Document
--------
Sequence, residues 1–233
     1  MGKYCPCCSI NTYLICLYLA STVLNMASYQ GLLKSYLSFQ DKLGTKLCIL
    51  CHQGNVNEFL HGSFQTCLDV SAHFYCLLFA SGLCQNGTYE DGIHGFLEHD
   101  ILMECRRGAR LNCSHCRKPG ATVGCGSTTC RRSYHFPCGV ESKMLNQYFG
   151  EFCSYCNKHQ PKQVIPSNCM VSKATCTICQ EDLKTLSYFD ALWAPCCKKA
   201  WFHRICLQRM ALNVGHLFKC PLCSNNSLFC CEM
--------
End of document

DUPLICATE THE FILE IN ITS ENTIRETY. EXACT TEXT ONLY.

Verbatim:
Sequence, residues 1–233
     1  MGKYCPCCSI NTYLICLYLA STVLNMASYQ GLLKSYLSFQ DKLGTKLCIL
    51  CHQGNVNEFL HGSFQTCLDV SAHFYCLLFA SGLCQNGTYE DGIHGFLEHD
   101  ILMECRRGAR LNCSHCRKPG ATVGCGSTTC RRSYHFPCGV ESKMLNQYFG
   151  EFCSYCNKHQ PKQVIPSNCM VSKATCTICQ EDLKTLSYFD ALWAPCCKKA
   201  WFHRICLQRM ALNVGHLFKC PLCSNNSLFC CEM